Over both a 10 year period and a 20 year period, house-price growth in most Australian capital cities has been far greater than the return from shares, according to John Edwards, the chief executive of real estate research company Residex.
The figures are compelling and based on the average gross real capital growth, show that the average annual return for houses over a the 10 years to mid 2009, was 12.55% for Melbourne, 8.21% for Sydney and 13.83% for Brisbane, whilst the All Ordinaries Index returned 3.71% a year over the same period.
In the 20 years to mid 2009, the average annual house returns was 11.46% for Melbourne, 8.51% for Sydney and 11.39% Brisbane with the All Ords returning an average 6.32% annually.
Edwards says that investing in property is a winner compared to other asset classes if the two most important considerations in investing are risk and return. This is why lenders are prepared to lend so aggressively for housing as they also believe that it has the lowest risk with the best returns.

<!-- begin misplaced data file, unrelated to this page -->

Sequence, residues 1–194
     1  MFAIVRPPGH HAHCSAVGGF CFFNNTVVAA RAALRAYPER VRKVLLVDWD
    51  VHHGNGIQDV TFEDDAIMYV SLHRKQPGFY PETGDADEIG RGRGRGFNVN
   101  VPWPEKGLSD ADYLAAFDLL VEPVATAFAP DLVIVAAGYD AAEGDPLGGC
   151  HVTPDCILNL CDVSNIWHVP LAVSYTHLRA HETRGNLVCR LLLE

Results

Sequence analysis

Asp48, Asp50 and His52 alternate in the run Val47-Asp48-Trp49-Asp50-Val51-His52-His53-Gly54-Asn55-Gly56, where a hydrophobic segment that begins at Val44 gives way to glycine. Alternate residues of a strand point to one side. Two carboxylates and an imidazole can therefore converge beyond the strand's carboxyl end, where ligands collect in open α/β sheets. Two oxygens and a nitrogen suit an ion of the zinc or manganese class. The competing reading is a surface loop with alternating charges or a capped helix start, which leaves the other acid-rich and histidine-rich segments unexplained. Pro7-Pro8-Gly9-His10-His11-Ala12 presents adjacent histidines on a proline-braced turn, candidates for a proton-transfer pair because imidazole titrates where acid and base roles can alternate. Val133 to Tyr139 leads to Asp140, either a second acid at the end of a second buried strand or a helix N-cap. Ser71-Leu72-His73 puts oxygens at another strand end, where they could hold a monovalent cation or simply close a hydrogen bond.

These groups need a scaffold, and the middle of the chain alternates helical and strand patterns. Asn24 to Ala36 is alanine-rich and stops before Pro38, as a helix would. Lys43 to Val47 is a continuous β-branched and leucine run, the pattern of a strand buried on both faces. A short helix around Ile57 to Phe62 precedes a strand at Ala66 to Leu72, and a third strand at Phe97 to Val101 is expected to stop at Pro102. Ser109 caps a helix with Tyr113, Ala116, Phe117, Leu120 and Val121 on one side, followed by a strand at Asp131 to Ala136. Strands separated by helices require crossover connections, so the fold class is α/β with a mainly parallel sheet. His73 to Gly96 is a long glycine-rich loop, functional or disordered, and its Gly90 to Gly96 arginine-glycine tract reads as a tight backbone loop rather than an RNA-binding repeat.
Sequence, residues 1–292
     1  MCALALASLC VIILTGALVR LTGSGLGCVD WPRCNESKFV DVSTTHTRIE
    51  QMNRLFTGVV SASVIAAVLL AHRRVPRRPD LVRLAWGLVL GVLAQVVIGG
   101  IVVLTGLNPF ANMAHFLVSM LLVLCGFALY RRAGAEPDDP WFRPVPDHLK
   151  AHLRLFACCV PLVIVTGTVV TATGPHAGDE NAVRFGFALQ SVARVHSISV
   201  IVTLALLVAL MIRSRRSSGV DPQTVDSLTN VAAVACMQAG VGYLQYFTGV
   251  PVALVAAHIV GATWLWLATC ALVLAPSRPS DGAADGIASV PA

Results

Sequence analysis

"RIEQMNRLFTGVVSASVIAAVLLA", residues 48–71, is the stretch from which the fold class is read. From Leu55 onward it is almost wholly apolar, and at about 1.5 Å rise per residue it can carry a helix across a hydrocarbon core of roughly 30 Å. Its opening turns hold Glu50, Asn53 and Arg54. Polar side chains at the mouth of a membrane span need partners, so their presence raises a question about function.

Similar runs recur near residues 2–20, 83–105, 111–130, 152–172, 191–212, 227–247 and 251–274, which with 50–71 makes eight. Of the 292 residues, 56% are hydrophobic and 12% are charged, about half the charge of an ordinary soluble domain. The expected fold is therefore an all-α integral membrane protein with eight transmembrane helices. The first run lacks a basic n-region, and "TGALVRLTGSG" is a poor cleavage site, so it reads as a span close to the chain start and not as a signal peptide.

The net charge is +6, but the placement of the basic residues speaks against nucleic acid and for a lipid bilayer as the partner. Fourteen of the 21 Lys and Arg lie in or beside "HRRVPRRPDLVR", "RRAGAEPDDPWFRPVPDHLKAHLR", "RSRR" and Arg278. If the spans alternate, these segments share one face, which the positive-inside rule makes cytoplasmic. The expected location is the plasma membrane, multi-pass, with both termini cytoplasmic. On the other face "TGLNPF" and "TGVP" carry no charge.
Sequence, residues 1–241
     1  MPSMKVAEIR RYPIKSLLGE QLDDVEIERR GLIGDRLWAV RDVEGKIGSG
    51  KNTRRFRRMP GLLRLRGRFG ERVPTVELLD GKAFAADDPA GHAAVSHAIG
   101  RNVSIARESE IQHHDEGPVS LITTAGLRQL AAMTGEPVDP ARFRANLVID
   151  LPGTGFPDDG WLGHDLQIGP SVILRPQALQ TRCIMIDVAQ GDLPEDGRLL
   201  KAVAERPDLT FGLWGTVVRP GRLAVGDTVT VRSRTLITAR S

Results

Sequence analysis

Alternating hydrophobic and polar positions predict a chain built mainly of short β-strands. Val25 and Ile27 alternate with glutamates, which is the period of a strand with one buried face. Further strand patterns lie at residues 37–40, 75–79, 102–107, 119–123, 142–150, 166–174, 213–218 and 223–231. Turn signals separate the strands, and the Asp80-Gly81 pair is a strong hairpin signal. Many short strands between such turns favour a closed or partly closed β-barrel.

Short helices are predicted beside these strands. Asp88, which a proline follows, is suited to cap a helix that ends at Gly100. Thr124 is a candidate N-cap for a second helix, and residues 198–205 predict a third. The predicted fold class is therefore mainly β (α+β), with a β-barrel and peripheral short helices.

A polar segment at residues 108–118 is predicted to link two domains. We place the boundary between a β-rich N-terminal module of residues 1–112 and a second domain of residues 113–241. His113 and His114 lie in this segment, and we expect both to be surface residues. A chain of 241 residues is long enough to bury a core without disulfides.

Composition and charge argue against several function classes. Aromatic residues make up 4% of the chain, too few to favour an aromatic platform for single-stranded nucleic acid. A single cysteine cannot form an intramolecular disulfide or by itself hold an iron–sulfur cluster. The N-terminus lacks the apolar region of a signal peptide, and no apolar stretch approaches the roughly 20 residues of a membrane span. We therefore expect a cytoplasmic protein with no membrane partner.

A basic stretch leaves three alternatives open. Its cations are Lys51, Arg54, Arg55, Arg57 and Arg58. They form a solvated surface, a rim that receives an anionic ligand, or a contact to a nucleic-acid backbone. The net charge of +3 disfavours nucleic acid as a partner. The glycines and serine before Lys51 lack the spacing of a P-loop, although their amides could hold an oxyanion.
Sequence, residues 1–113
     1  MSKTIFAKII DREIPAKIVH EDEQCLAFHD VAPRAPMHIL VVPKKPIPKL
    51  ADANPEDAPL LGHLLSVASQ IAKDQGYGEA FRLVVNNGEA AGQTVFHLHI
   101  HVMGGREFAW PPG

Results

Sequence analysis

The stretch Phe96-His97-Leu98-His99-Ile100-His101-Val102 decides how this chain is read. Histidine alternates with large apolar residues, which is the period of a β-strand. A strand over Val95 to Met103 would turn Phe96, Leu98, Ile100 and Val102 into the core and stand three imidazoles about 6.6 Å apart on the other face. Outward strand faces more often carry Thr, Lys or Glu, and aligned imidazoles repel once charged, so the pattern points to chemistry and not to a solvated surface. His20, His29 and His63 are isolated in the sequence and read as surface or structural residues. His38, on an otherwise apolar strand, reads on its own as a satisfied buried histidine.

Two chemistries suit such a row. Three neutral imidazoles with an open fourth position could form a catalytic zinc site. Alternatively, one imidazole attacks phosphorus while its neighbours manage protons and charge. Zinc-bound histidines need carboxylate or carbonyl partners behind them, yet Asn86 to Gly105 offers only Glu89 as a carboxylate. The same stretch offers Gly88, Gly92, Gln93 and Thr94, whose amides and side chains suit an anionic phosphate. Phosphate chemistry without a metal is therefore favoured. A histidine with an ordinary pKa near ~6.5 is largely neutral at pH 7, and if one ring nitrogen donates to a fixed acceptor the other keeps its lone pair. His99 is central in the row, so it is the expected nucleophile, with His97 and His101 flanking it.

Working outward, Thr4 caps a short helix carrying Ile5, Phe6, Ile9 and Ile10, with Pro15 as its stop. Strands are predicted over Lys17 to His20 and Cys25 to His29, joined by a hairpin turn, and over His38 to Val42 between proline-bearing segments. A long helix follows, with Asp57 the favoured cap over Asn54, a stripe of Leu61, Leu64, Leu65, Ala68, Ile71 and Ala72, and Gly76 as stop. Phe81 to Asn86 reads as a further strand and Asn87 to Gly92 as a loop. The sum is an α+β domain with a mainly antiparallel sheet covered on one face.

Property investments meet both requirements if the most desirable assets are those with high return and low risk, says Edwards.
“This is particularly true for long-term property investments; where the property is allowed time to achieve its expected return.”
“Share investments are highly volatile and do not generally match the expected returns seen in property. The return from shares is substantial though, and their volatility makes them an ideal short-term speculative investment, but only for risk takers.”